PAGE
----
Everything We Know About Nutrition May Be Wrong

A new study says 40 years of CDC data connecting food and obesity are fundamentally flawed.

National Journal
Brian Resnick
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Brian Resnick
Oct. 10, 2013, 7:52 a.m.

For 40 years, the Cen­ters for Dis­ease Con­trol and Pre­ven­tion has been ask­ing people what they eat in an at­tempt to un­der­stand the con­nec­tions between what we con­sume and how our bod­ies feel. And for 40 years, they may have been do­ing it wrong.

The lim­it­a­tions of the CDC data “make it ex­ceed­ingly dif­fi­cult to dis­cern tem­por­al pat­terns in cal­or­ic in­take that can be re­lated to changes in pop­u­la­tion rates of obesity.”

That’s the claim in a new study pub­lished in the on­line journ­al PLO­Sone. The re­search­ers probe CDC’s Na­tion­al Health and Nu­tri­tion Ex­am­in­a­tion Sur­vey, which has in­ter­viewed Amer­ic­ans about the foods they eat and their life­styles since 1971. From the sur­vey, we learned things about nu­tri­tion that now seem so fun­da­ment­al — that diet and ex­er­cise choices are linked to body weight, that cho­les­ter­ol is linked to heart dis­ease, and so on.

But here’s the prob­lem, ac­cord­ing to the au­thors: All of that data was com­piled by ask­ing people to re­call what they ate.

“Nu­tri­tion sur­veys fre­quently re­port a range of en­ergy in­takes that are not rep­res­ent­at­ive of the re­spond­ents’ ha­bitu­al in­takes,” the au­thors write. “And es­tim­ates of EI [en­ergy in­take] that are physiolo­gic­ally im­plaus­ible (i.e., in­com­pat­ible with sur­viv­al) have been demon­strated to be wide­spread.” Men and wo­men have been found to un­der­re­port cal­or­ies by between 12 per­cent and 20 per­cent, and are more likely to se­lect­ively un­der­re­port eat­ing the bad stuff, such as fat and sug­ar.

Trans­la­tion: We can’t trust hu­man memory as the source of our nu­tri­tion data, be­cause people can un­der­re­port what they eat to an ab­surd de­gree. Their self-re­ports doc­u­mented amounts of food that could not pos­sibly sup­port their sur­viv­al. “In no sur­vey did at least 50 per­cent of the re­spond­ents re­port plaus­ible EI [en­ergy in­take] val­ues,” the au­thors re­port.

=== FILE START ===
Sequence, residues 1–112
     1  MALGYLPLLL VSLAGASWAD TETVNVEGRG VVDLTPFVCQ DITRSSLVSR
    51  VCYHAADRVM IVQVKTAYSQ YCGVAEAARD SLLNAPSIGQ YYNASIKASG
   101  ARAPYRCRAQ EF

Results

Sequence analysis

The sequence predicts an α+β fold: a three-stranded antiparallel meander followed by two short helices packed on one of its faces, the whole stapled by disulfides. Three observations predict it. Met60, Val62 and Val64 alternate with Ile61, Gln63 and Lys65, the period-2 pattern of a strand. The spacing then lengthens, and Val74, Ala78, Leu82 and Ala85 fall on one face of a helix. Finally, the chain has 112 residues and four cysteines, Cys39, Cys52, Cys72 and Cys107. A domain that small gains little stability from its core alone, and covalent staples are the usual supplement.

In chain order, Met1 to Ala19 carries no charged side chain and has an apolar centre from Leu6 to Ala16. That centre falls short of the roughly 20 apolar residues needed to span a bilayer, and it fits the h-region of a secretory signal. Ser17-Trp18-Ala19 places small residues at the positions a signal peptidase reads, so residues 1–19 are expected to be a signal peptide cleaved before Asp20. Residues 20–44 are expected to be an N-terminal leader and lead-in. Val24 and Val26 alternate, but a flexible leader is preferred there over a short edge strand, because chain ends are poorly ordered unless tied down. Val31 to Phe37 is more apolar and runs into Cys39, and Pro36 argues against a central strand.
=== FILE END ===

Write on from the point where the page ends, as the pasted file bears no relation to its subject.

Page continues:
The NHANES sur­vey does con­tain many, many ob­ject­ive meas­ures such as phys­ic­al ex­am­in­a­tions and blood work (for in­stance, it found el­ev­ated levels of lead in Amer­ic­ans’ blood work, which lead to the de­creased use of the met­al in gas­ol­ine and soda cans). But it’s not like the CDC can mon­it­or all a per­son eats. Nor is it really feas­able to do large-scale ex­per­i­ments on nu­tri­tion — that is, sep­ar­ate people in­to con­trol and ex­per­i­ment­al groups, have every­one eat the same ex­act things ex­cept for one vari­able, and then com­pile this data over dec­ades.

Gran­ted, in re­cent years, CDC has re­vised i’ts meth­od­o­logy. Since 2001, it has fol­ded NHANES in­to the “What We Eat in Amer­ica Pro­gram, which re­cords food in­take in a more con­trolled man­ner.

But there’s even reas­on to be­lieve that as time went on, and as the sur­vey raised aware­ness of obesity, people’s an­swers be­came even more skewed. The au­thors ex­plain:

“There is strong evid­ence that the re­port­ing of ‘so­cially un­desir­able’ (e.g., high fat and/or high sug­ar) foods has changed as the pre­val­ence of obesity has in­creased. Ad­di­tion­ally, re­search has demon­strated that in­ter­ven­tions em­phas­iz­ing the im­port­ance of ‘healthy’ be­ha­vi­ors may lead to in­creased mis­re­port­ing as par­ti­cipants al­ter their re­ports to re­flect the ad­op­tion of the ‘health­i­er’ be­ha­vi­ors in­de­pend­ent of ac­tu­al be­ha­vi­or change.”

The sur­vey in­dic­ates that health be­ha­vi­or in­flu­ences re­sponses to fu­ture sur­veys. And that’s bad sci­ence. All in all, the au­thors con­clude that the lim­it­a­tions of the NHANES data “make it ex­ceed­ingly dif­fi­cult to dis­cern tem­por­al pat­terns in cal­or­ic in­take that can be re­lated to changes in pop­u­la­tion rates of obesity.”

It doesn’t mean our nu­tri­tion as­sump­tions are wrong. It just means we haven’t proven them, be­cause our meth­ods have been flawed.

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